Anatomy and Histochemistry of Roots and Shoots in Wild Rice (Zizania latifolia Griseb.)

Journal of Botany, Feb 2014

Wild rice (Zizania latifolia Griseb.) is a famous, perennial, emergent vegetable in China. The current work explores the anatomy and histochemistry of roots, stems, and leaves and the permeability of apoplastic barriers of wild rice. The adventitious roots in wild rice have suberized and lignified endodermis and adjacent, thick-walled cortical layers and suberized and lignified hypodermis, composed of a uniseriate sclerenchyma layer (SC) underlying uniseriate exodermis; they also have lysigenous aerenchyma. Stems have a thickened epidermal cuticle, a narrow peripheral mechanical ring (PMR), an outer ring of vascular bundles, and an inner ring of vascular bundles embedded in a multiseriate sclerenchyma ring (SCR). There is evidence of suberin in stem SCR and PMR sclerenchyma cells. Sheathing leaves are characterized by thick cuticles and fibrous bundle sheath extensions. Air spaces in stems and leaves consist of mostly lysigenous aerenchyma and pith cavities in stems. Apoplastic barriers are found in roots and stems.

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Anatomy and Histochemistry of Roots and Shoots in Wild Rice (Zizania latifolia Griseb.)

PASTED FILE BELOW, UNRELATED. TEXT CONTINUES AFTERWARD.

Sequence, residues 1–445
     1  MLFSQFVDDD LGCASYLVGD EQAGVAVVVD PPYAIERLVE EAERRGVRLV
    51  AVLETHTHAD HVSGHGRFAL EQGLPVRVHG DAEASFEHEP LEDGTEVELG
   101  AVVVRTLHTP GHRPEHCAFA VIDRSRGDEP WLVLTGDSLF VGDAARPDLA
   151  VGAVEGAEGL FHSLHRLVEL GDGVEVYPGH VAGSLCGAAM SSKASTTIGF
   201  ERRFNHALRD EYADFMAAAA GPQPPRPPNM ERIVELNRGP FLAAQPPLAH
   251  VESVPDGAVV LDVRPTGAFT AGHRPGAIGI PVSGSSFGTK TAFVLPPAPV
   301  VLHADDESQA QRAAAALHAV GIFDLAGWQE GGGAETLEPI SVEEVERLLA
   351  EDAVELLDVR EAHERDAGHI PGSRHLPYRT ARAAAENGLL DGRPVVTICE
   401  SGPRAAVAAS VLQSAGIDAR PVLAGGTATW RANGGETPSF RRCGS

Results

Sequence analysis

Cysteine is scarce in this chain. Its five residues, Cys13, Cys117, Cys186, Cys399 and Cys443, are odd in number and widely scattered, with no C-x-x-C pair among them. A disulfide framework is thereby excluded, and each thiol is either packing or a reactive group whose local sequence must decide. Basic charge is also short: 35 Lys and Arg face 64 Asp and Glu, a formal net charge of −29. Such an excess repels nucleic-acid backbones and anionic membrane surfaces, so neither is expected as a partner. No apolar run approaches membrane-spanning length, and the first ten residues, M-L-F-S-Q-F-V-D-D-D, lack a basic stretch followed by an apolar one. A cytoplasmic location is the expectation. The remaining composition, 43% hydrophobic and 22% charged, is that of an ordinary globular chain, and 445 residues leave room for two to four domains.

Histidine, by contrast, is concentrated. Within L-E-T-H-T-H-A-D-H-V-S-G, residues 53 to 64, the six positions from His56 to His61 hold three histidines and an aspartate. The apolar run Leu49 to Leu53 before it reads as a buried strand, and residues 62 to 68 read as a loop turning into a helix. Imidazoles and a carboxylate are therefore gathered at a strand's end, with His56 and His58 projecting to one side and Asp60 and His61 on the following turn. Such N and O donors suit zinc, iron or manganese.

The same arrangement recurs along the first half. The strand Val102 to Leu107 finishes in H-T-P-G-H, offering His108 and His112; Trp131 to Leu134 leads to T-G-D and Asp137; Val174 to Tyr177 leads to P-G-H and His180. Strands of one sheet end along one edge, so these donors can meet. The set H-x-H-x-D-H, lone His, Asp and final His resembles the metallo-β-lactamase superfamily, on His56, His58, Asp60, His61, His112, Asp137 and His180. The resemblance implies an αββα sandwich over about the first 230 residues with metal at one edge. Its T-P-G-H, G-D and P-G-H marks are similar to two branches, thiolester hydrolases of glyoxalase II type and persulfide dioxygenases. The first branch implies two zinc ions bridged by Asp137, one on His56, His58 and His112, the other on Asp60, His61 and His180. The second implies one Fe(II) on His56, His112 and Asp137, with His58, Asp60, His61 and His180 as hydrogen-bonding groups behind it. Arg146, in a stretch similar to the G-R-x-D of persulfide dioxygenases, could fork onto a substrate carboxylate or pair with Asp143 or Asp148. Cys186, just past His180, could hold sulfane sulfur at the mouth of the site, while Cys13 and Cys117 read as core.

Anatomy and Histochemistry of Roots and Shoots in Wild Rice (Zizania latifolia Griseb.) Chaodong Yang,1 Xia Zhang,1 Junkai Li,1 Manzhu Bao,2 Dejiang Ni,2 and James L. Seago Jr.3 1Engineering Research Center of Wetland Agriculture in Central Yangtze, Ministry of Education, Yangtze University, Jingzhou, Hubei 434025, China 2College of Horticulture and Forestry Sciences, Huazhong Agricultural University, Wuhan 430070, China 3Department of Biological Sciences, SUNY, Oswego, NY 13126, USA Received 9 September 2013; Accepted 26 December 2013; Published 6 February 2014 Academic Editor: Muhammad Y. Ashraf Copyright © 2014 Chaodong Yang et al. This is an open access article distributed under the Creative Commons Attribution License, which permits unrestricted use, distribution, and reproduction in any medium, provided the original work is properly cited. Abstract Wild rice (Zizania latifolia Griseb.) is a famous, perennial, emergent vegetable in China. The current work explores the anatomy and histochemistry of roots, stems, and leaves and the permeability of apoplastic barriers of wild rice. The adventitious roots in wild rice have suberized and lignified endodermis and adjacent, thick-walled cortical layers and suberized and lignified hypodermis, composed of a uniseriate sclerenchyma layer (SC) underlying uniseriate exodermis; they also have lysigenous aerenchyma. Stems have a thickened epidermal cuticle, a narrow peripheral mechanical ring (PMR), an outer ring of vascular bundles, and an inner ring of vascular bundles embedded in a multiseriate sclerenchyma ring (SCR). There is evidence of suberin in stem SCR and PMR sclerenchyma cells. Sheathing leaves are characterized by thick cuticles and fibrous bundle sheath extensions. Air spaces in stems and leaves consist of mostly lysigenous aerenchyma and pith cavities in stems. Apoplastic barriers are found in roots and stems. 1. Introduction Asian wild rice or water bamboo, Zizania latifolia Griseb, a member of the same grass tribe, subfamily, and family (Oryzeae, Ehrhartoideae, and Poaceae) as rice, Oryza sativa [1], is an important, aquatic plant in which young culms and rhizomes are edible, and grains, like the North American species, Z. aquatica [2], are used for food in China. The perennial stems are comprised of rhizomes with scale leaves, stolons, and culms with relatively broad leaves. There have been relatively few studies on the submerged parts of wild rice which are adapted to wetland environments. An early study on the roots of a North American wild rice, Zizania aquatica [3], has been followed by relatively little on anatomy of the roots and stems, including Zizania latifolia [4–9], although considerable leaf anatomy is known [5]. On the other hand, the rice plant of the subfamily Ehrhartoideae has been studied much (e.g., [5, 9–13]), as compared to other economically important grasses (e.g., [14]). Important features of similar wetland grasses are the presence of structural and apoplastic barriers, including endodermis, exodermis, and epidermis of roots [9, 15–25], and a sclerenchyma ring (SCR) and peripheral mechanical ring (PMR) in stems and leaves. Metcalfe [5, page 539] even reported a culm endodermis with “suberized walls” in O. sativa. The air spaces in the organs include the aerenchyma in roots [26, 27] and pith cavities and cortical aerenchyma in stems that transport oxygen for plant survival under submerged stress [15, 17, 25]. Except for the much studied Oryza, there is limited knowledge of the wetland adaptive structural features in other Ehrhartoideae, specifically, Z. latifolia, that may be important for its use in the restoration of the degraded wetlands in the Jinghan Floodplain and Three Gorges Reservoir Region along the Yangtze River. Thus, we studied the anatomy and histochemistry or roots, stems, and leaves and the permeabilities of apoplastic barriers in emergent Asian wild rice. 2. Materials and Methods Asian wild rice samples or adult plants were collected in the summer from the Jianghan Floodplain wetland, China. Roots, culms with leaves, stolons, and rhizomes were sectioned fresh or fixed in FAA [28]. Only fresh roots and rhizomes were used for apoplastic permeability tests. We examined sections at 5 mm, 10 mm, 30 mm, 50 mm, 70 mm, and 90 mm from root tips and aged sections of adventitious roots and sections from young and aged sections of the culms, stolons, rhizomes, and leaves. Young stem sections were obtained from the elongated internodes with pith parenchyma. Aged stem sections were taken from internodes with leaf sheaths or scale leaves sloughed off where internodal pith cavities were present. All roots, stems, and leaves of wild rice samples were sectioned freehand with a two-edged blade technique under a stereoscope. Sections were stained with Sudan red 7B (SR7B) for suberin lamellae [29], berberine hemisulfate-aniline blue (BAB) for Casparian bands and lignified cell walls [22, 30], phloroglucinol-HCl (Pg) for lignin [28], and toluidine blue O (TBO) [22] for cell walls. Specimens were examined under brightfield and epifluorescence microscopy and photographed as described by Yang et al. [25]. Root and rhizome samples were subjected to apoplastic permeability tests. Root samples were excised into 30–40 mm long segments, blotted dry with tissue paper, and then sealed at the ends with cooling molten sticky wax prior to treatment. The rhizome samples were excised with nodes at each end of an internode, but the ends were not sealed. Sections of five roots and five rhizomes were tested with the apoplastic tracer berberine hemisulfate. Prepared specimens were bathed in 0.05% berberine hemisulfate for 1 h followed by 0.05 M potassium thiocyanate for 1 h. Samples were freehand-sectioned and viewed with UV light as described in Meyer et al. [31], Meyer and Peterson [32], and Seago et al. [22]; two controls included unstained sections or were stained only with the tracer. 3. Results The wild rice plants are comprised of rhizomes, stolons, culms, adventitious roots from each of the stems, and leaves of the culms. 3.1. Adventitious Roots Young or distal regions of wild rice adventitious roots have a stele with differentiating proto- and metaxylem, a cortex with an endodermis, a midcortex with thick cell walls in inner layers, developing schizolysigenous aerenchyma, an enlarged outer ring of cells (not part of the hypodermis), a distinctly biseriate hypodermis, and an epidermis at 5 mm from the apex (Figure 1(a)). Faint Casparian bands are first visible on the uniseriate exodermis radial walls, and a lignified, very small-celled, inner hypodermal sclerenchyma layer (SC) and protoxylem poles appear at 10 mm (Figure 1(b)). Endodermis Casparian bands appear and the large-celled exodermis then develops suberin lamellae at 30 mm from root tips. Both the hypodermal SC layer and the cell layers immediately adjacent to the endodermis stain for lignin and diffuse suberin (Figures 1(c), 1(d), 1(g), and 1(h)). The endodermal Casparian bands remain faint at 50 mm from the root apex (Figure 1(e)); the hypodermal SC and exodermis become thick-walled (Figures 1(e), 1(f), and 1(g)) with lignification and additional suberization (Figures 1(d), 1(e), and 1(h)). The Casparian bands of the endodermis become prominent and suberin lamellae form at 70 mm (Figures 1(d), 1(f), and 1(h)); then, secondary wall lignification follows (Figure 1(g)). When epidermis remains, its small cells have a thin cuticle and appear to contain diffuse suberin (Figure 1(f) and [33]). Figure 1: (a)–(h) Photomicrographs of Zizania latifolia adventitious roots; scale bars = 50 μm. (a) Root 155 mm long, sectioned at 5 mm behind tip; endodermis (arrowheads); adjacent endodermal cortical layers with thickened walls (asterisk); cortex; schizolysigeny aerenchyma; hypodermis; epidermis; sclerenchyma layer; protoxylem; metaxylem; staining: TBO. (b) Root 155 mm long, sectioned at 10 mm; uniseriate exodermis with weakly Casparian bands (arrows); protoxylem; staining: BAB. (c) Root 155 mm long at 30 mm; lignified adjacent endodermal cortical layers (asterisk); uniseriate exodermis with Casparian bands (arrows); uniseriate SC; protoxylem; staining: BAB. (d) Root 155 mm long at 30 mm; endodermis suberin lamellae (arrowheads); adjacent endodermal cortical layers suberin lamellae (asterisk); schizolysigeny aerenchyma; suberized SC and exodermis (arrows); staining: SR7B. (e) Root 155 mm long at 50 mm; endodermis Casparian bands (arrowheads); lignified adjacent endodermal cortical layers (asterisk); uniseriate exodermis Casparian bands (arrows); lignified uniseriate SC; staining: BAB. (f) Root 155 mm long at 50 mm; endodermis suberin lamellae (arrowheads); schizolysigeny aerenchyma; suberized SC and exodermis (arrows); staining: SR7B. (g) Root 155 mm long at 50 mm; lignified endodermis (arrowheads); lignified adjacent endodermal cortical layers (asterisk); lignified SC and exodermis (arrows); schizolysigeny aerenchyma; lignified stele pith cells; metaxylem; staining: Pg; inset show protoxylem elements; staining: berberine. (h) Root 155 mm long at 70 mm; endodermis Casparian bands (arrowheads); lignified adjacent endodermal cortical layers (asterisk); uniseriate exodermis Casparian bands (arrows); lignified uniseriate SC; lignified stele pith cells; staining: BAB. cortex, co; epidermis, ep; hypodermis, hy; metaxylem, me; protoxylem, px; schizolysigenous aerenchyma, ae; sclerenchyma layer, SC; stele, st. In wild rice adventitious roots, schizolysigenous aerenchyma in the middle cortex begins at 5 mm (Figure 1(a)), and by 50 mm aerenchyma is lysigenous, characterized by spokes of radial files of cells (Figures 1(f) and 1(g)). The outermost layer of the mid-cortex, the layer immediately interior to the SC, has enlarged cells like the exodermis, but its cells are related structurally and developmentally by radial files to the middle and inner cortex. The stele has 8–12 mature protoxylem elements (Figures 1(d), 1(f), and 1(g)) with two to three metaxylem elements (Figures 1(a), 1(d), 1(f), 1(g), and 1(h)), and almost all cells in the stele become lignified as sclerenchyma in aged roots (Figure 1(g)). 3.2. Stolons, Rhizomes, and Culms with Leaves Rhizomes, stolons, and culms have two rings of thickened, lignified cells, the peripheral mechanical ring (PMR) and the sclerenchyma ring (SCR); the latter delimits the cortex from the CC (central cylinder) and is usually associated with vascular bundles (Figures 2(a)–2(h)). The outer layer of PMR has suberin lamellae (Figures 2(b), 2(c), 2(e), and 2(g)) without Casparian bands (Figures 2(a) and 2(b)). The cuticle, SCR, PMR, and aerenchyma of culms, stolons, and rhizomes of wild rice are similar. In young culms of wild rice, the cuticle of epidermis is thick (Figure 2(a)); many cells throughout the cortex and central cylinder, vascular bundles, SCR, and PMR show evidence of diffuse suberin (Figure 2(c); [33]). Aged culms (Figure 2(c)) and stolons (Figure 2(e)) also test for diffuse suberin in cells of the SCR, vascular bundles, both layers of cells of PMR (Figures 2(d) and 2(f)), and thick cuticle (Figures 2(b) and 2(c)). There is evidence of lignin in the cuticle (Figure 2(h)). Aged rhizomes have evidence of diffuse suberin in vascular bundles, two layers of cells in the PMR (Figure 2(g)), and lignified vascular bundles and PMR cells (Figure 2(h)). Figure 2: (a)–(d) Photomicrographs of Zizania latifolia culm (200–280 mm long, 5–8 nodes) sectioned at the first internode (young) and at 3th internode (aged); (e)-(f) stolons (900 mm long, 8–11 nodes are aged) sectioned at the first internode; (g)-(h) rhizomes (800–910 mm long, 20–24 nodes) sectioned at the 5th internode (aged); (i)-(j) leaf sheath and leaf sectioned; scale bars = 100 μm. (a). Young culm; epidermis outer tangential walls; staining: BAB. (b) Young culm; outer layer of PMR with suberin lamellae and suberized epidermis (bracket); schizolysigenous aerenchyma; staining: SR7B; bar = 50 μm. (c) Aged culm; suberized SCR (brace); suberized PMR (bracket); suberized vascular bundle cells; pith cavity; schizolysigeny aerenchyma; staining: SR7B. (d). Aged culm; lignified vascular bundle cells; lignified PMR (bracket); staining: BAB. (e) Aged stolon; SCR (brace); suberized PMR (bracket); suberized vascular bundles; pith cavity; schizolysigeny aerenchyma; staining: SR7B; inset shows suberized PMR (bracket) with suberin lamellae; bar = 50 um. (f) Aged stolon; SCR (brace); lignified vascular bundle cells; lignified PMR (bracket); pith cavity; schizolysigeny aerenchyma; staining: Pg. (g) Aged rhizome; SCR (brace); suberized PMR (bracket); suberized vascular bundle cells; pith cavity; schizolysigeny aerenchyma; staining: SR7B. (h) Aged rhizome; SCR (brace); lignified vascular bundle cells; lignified PMR (bracket); pith cavity; schizolysigeny aerenchyma; staining: Pg. (i) Leaf sheath; cuticle on adaxial surface (arrowhead) and abaxial surface (arrow) of leaf sheath, suberin lamellae on vascular bundle cells; schizolysigeny aerenchyma; staining: SR7B. (j) Leaf blade; cuticle on adaxial surface (arrowhead) and abaxial surface (arrow) of leaf blade; vascular bundle; aerenchyma; staining: SR7B. epidermal cell wall, ew. Air spaces in culms (Figures 2(b) and 2(c)) and stolons (Figures 2(e) and 2(f)) consist of pith cavities and schizolysigeny to lysigenous aerenchyma in the cortex and central cylinder interior to the SCR. Air spaces in rhizomes consist of schizolysigeny to lysigenous aerenchyma in the cortex and pith cavities within the CC (Figures 2(g) and 2(h)). Leaf sheaths and blades of wild rice have thick cuticles on adaxial and abaxial surfaces (Figures 2(i) and 2(j)), sclerenchyma bundles at both ends of bundle sheath extensions, or ribs and girders, just under epidermis, and schizolysigenous to lysigenous cavities or aerenchyma in leaf sheaths and leaf blades (Figures 2(i) and 2(j)). There is no evidence of diffuse suberin or suberin lamellae in the sclerenchyma cells of leaves. 3.3. Permeability Test of Roots and Rhizomes Apoplastic Barriers The peripheral barrier of wild rice roots is a hypodermis with uniseriate SC and uniseriate exodermis; the barrier of rhizomes is the epidermis with cuticle and PMR with suberin lamellae. Permeability of root and rhizome barriers was tested with a berberine tracer. The stele, endodermis, adjacent cortical layers, and hypodermis in roots, and the epidermis and PMR in rhizomes autofluoresce faintly brown under UV light (Figures 3(a) and 3(b)). Figure 3: Apoplastic barriers permeability tests on roots and rhizomes collected from grow in wetland with berberine tracer. Roots segments sectioned at 30 mm to 60 mm from the tip of 130 mm long roots and sealed ends. The aged rhizome (as stem representative for culms and stolons have similar structure and histochemistry) samples excised with one internode and two end nodes and not sealed ends; except where noted, scale bars = 100 μm. (a) Roots with aerenchyma; thickened adjacent endodermal cortical layers (asterisk), endodermis (arrowhead) and exodermis (arrow) cell walls faintly brown; unstained; bar = 50 μm. (b) The epidermis and PMR of rhizomes faintly brown (arrow); unstained. (c) Roots with aerenchyma; thickened adjacent endodermal cortical layers (asterisk), endodermis (arrowhead) and exodermis cell walls (arrow) fluoresced yellow; crystals of berberine thiocyanate (cross) enter into exodermis or out of it; berberine stained; bar = 50 μm. (d). The epidermis and PMR of rhizomes fluoresced yellow (arrow); berberine stained. (e) Roots with aerenchyma; thickened adjacent endodermal cortical layers (asterisk), endodermis (arrowhead), and exodermis cell walls (arrow) fluoresced yellow; crystals of berberine thiocyanate (cross) enter into exodermis or out of it; berberine and KSCN stained. (f) The epidermis and PMR of rhizomes fluoresced yellow (arrow); berberine and KSCN stained. (g) Roots with ruptured exodermis; crystals of berberine thiocyanate enter into aerenchyma (arrowhead) and exodermis (arrow); berberine and KSCN stained; bar = 50 μm. (h) The transverse sections of rhizomes internodes; crystals of berberine thiocyanate (arrowhead) adhere to aerenchyma and pith cavity; berberine and KSCN stained. When segments of root and stem were treated directly with berberine hemisulfate, cell walls of the endodermis and hypodermis in roots (Figure 3(c)) and epidermis and PMR in stems fluoresced faintly brown (Figure 3(d)). Berberine thiocyanate crystals adhered to root exodermis outer walls (Figure 3(c)). The hypodermal SC of roots fluoresced yellow (Figure 3(c)). The cell walls of root endodermis and SC (Figure 3(e)) and of rhizome epidermal cuticle (Figure 3(f)) fluoresced bright orange, when root and stem transverse specimens were stained with berberine and KSCN; no crystals of berberine thiocyanate were observed in the aerenchyma of roots and rhizomes, though sometimes crystals could be found in ruptured root exodermis cells (Figure 3(e)). Yellow crystals of berberine thiocyanate formed in cortical aerenchyma where root exodermis was ruptured (Figure 3(g)) and in rhizome internodes directly stained by berberine and KSCN (Figure 3(h)). Pith sclerenchyma of roots fluoresced brightly (Figures 3(e) and 3(g)) after staining by berberine and KSCN. 4. Discussion The cortex of wild rice, Z. latifolia, adventitious roots is characterized by an endodermis through stage III wall modifications [34] and thick-walled inner cortical cells radially aligned to the endodermis. The midcortex is lysigenous aerenchyma and is bordered by enlarged cells peripherally; the outer cortex is a biseriate hypodermis with uniseriate sclerenchyma layer (SC) and uniseriate exodermis [9], like Z. aquatica roots which, however, have a biseriate exodermis [3]. However, there are considerable apparent differences in interpretation of the external barrier layers in species of Zizania. Stover [3, 4] showed an early, very small-celled epidermis which sloughs off, but Jorgenson et al. [8] illustrated what they interpreted as epidermis in Z. palustris, although the distance behind the root tip was not provided; it appears to be an old, mature root. It seems that the outermost layer may be uniseriate exodermis underlain by sclerenchyma—uniseriate in some illustrations (drawings) and biseriate in others (photographs in Jorgenson et al. [8]; Tateoka [9] illustrated similar exodermis and sclerenchyma layers, but also included a thin-walled cell layer between the sclerenchyma layer and the enlarged outer mid-cortex layer for Z. latifolia. In the closely related Oryza sativa, a hypodermis is biseriate with an uniseriate, small-celled exodermal layer [10, 13] which, like the epidermis, often excises from mature roots [10], leaving the SC as the outer layer of the root. It is not uncommon in Poales, as root tissues complete maturation, for the epidermis to be sloughed off, leaving the exodermis as the outermost layer, or even for both epidermis and exodermis to be sloughed off, leaving the SC as the outermost layer of adventitious roots (e.g., [22, 35]). Such appears to be the situation in Z. palustris; Jorgenson et al. [8] noted that there were no root hairs or epidermal cells on roots, but nevertheless they labeled epidermis cells in their photographs; clearly, an unsubstantiated exodermis is the outermost layer of its mature roots on which iron plaque is found. There are some discrepancies, either in species differences or in interpretations, which may be influenced by the distance behind the root tip for the tissues studied. The outermost layer of mid-cortex in Z. latifolia is also enlarged but is clearly aligned to the rest of the mid-cortex. Stover [3, 4] also illustrated an aerenchyma with schizogenous and lysigenous cortex, but with no enlarged outermost mid-cortex layer, while Jorgenson et al. [8] illustrated such an enlarged layer. In Oryza, the outermost layer of the mid-cortex is also like that of Z. latifolia [13]. Stover’s photographs [4] revealed that Z. aquatica had 14–16 protoxylem and protophloem poles and 6–8 large metaxylem elements with a parenchymatous pith, and the illustrations in Jorgenson et al. [8] showed 5 metaxylem elements and 12–14 protoxylem elements. We found fewer protoxylem poles (8–12) and metaxylem (2-3) elements in Z. latifolia and a sclerenchymatous pith. With two important exceptions, the stem characteristics of the various Ehrhartoideae are similar; it should be noted that leaf lamina traits have been studied the most [5]. For stems, Metcalfe [5], Esau [34], and Fahn [36] cited Oryza as an example of a grass stem with two rings of vascular bundles, the outer ring of smaller bundles and the inner ring of larger bundles, as we found in Z. latifolia [37, 38]. However, unlike Z. latifolia, and except for Metcalfe’s report [5, page 341] that fiber cells, or “peripheral scl.” like our PMR, underlie the epidermis, there is no obvious SCR in Oryza [37, 38] or in most other genera of the subfamily [5]; this appears to be a major difference within the Ehrhartoideae. Yet, Metcalfe [5, page 539], who noted a “sclerotic ring” associated with the inner ring of vascular bundles, stated that the culm base had “an endodermis of rounded cells with suberized walls,” but we could not detect Casparian bands with our epifluorescence techniques, which were not utilized by Metcalfe [5]. In our study, however, we detected suberin lamellae in the outer layer of PMR in stems, and we observed diffuse suberin in the cells of the well-defined SCR and PMR multicelled rings. The leaves of Z. latifolia have the structural features dominated by the large air spaces and the nonsuberized sclerenchyma extensions of veins, termed ribs and girders by Metcalfe [5]. Roots and stems of wild rice, Z. latifolia, are also similar to those of other grasses we have studied [25], except that the sclerenchyma rings in Z. latifolia are narrower than in Cynodon dactylon and Paspalum distichum, for example. With regard to barrier layers, wild rice endodermis is typical of grass roots, for example, [14, 25]. The root hypodermis seems superficially similar to Glyceria maxima [24], but the exodermisof Glyceria maxima has thickened secondary cell walls without a sclerenchyma layer. Air space tissues in wild rice roots have mostly radial lysigeny [26], typical of many other wetland species (e.g., [26, 27, 39, 40]). Wild rice stems have lignified PMR, with unique suberin lamellae and diffuse suberin that is somewhat unlike Cynodon dactylon, Paspalum distichum, and Hemarthria altissima; grasses can have suberin lamellae in their stems [36] and leaves (e.g., [41]), and an inner hypodermal layer with suberin lamellae was found in Pontederia cordata roots [42]. Wild rice stems also have lignified vascular bundle cells, again with some evidence of suberin, but they are only lignified in Cynodon dactylon, Eremochloa ophiuroides, Paspalum distichum, and Hemarthria altissima. Wild rice culms and stolons have SCR with lignin and apparent suberin, but in C. dactylon, E. ophiuroides, Paspalum distichum, and H. altissima the SCR is only lignified [25] and in other grasses like Glyceria maxima, there is a SCR connecting the inner ring of vascular bundles [5], unlike the other members of the Ehrhartoideae. Wild rice stems are unlike Typha because they have no exodermis and endodermis with Casparian bands [43]. A thickened cuticle is also present in wild rice epidermis as well as in Typha, Cynodon dactylon, and other stoloniferous grasses that we have been studied [25, 43], but diffuse suberin in epidermal cell walls appears to be unusual [33]. Schizo-lysigeny to lysigenous aerenchyma in wild rice stem and leaf cortex is normal and makes wild rice similar to Cynodon dactylon, Eremochloa ophiuroides, Hemarthria altissima, and Miscanthus sacchariflorus [25–27, 40]. These constitutively formed air spaces [12] obviously store and transport oxygen to organs in hypoxic environments [15, 17, 39, 44]. Finally, the impermeable barriers in roots and stems in wild rice are manifested by the blockage of berberine tracers in root endodermis/exodermis and stem PMR. These barriers allow the adaptability of these plants to wetland environments, as is typical of other wetland plants like C. dactylon, E. ophiuroides, H. altissima, Phragmites australis, Paspalum distichum, and Typha [16, 22–25, 31, 43, 45–48]. The apoplastic barriers in wild rice plant would efficiently hinder oxygen and solute exchange under water stress (e.g., [32, 49–54]). The deposition of suberin and lignin wall materials and the early maturation of exodermis in wild rice roots have also been reported variously in many species (e.g., [13, 22–26, 52]). In conclusion, the structures and histochemistry of these perennial and rhizomatous grasses enhance our understanding of the biological features of the Ehrhartoideae of the Poaceae and other wetland species adapted to aquatic habitats and provide clues to the selection of plants useful in the restoration of the degraded Jianghan Floodplain and riparian zone of the Three Gorges Reservoir Region of the Yangtze River. Conflict of Interests The authors declare that there is no conflict on interests regarding to the publication of this paper. Acknowledgment This work was supported by a Grant from Special Fund for Agro-scientific Research in the Public Interest, China (Grant no. 201303031). References E. J. Judziewicz and L. G. 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Chaodong Yang, Xia Zhang, Junkai Li, Manzhu Bao, Dejiang Ni, James L. Seago. Anatomy and Histochemistry of Roots and Shoots in Wild Rice (Zizania latifolia Griseb.), Journal of Botany, 2014, DOI: 10.1155/2014/181727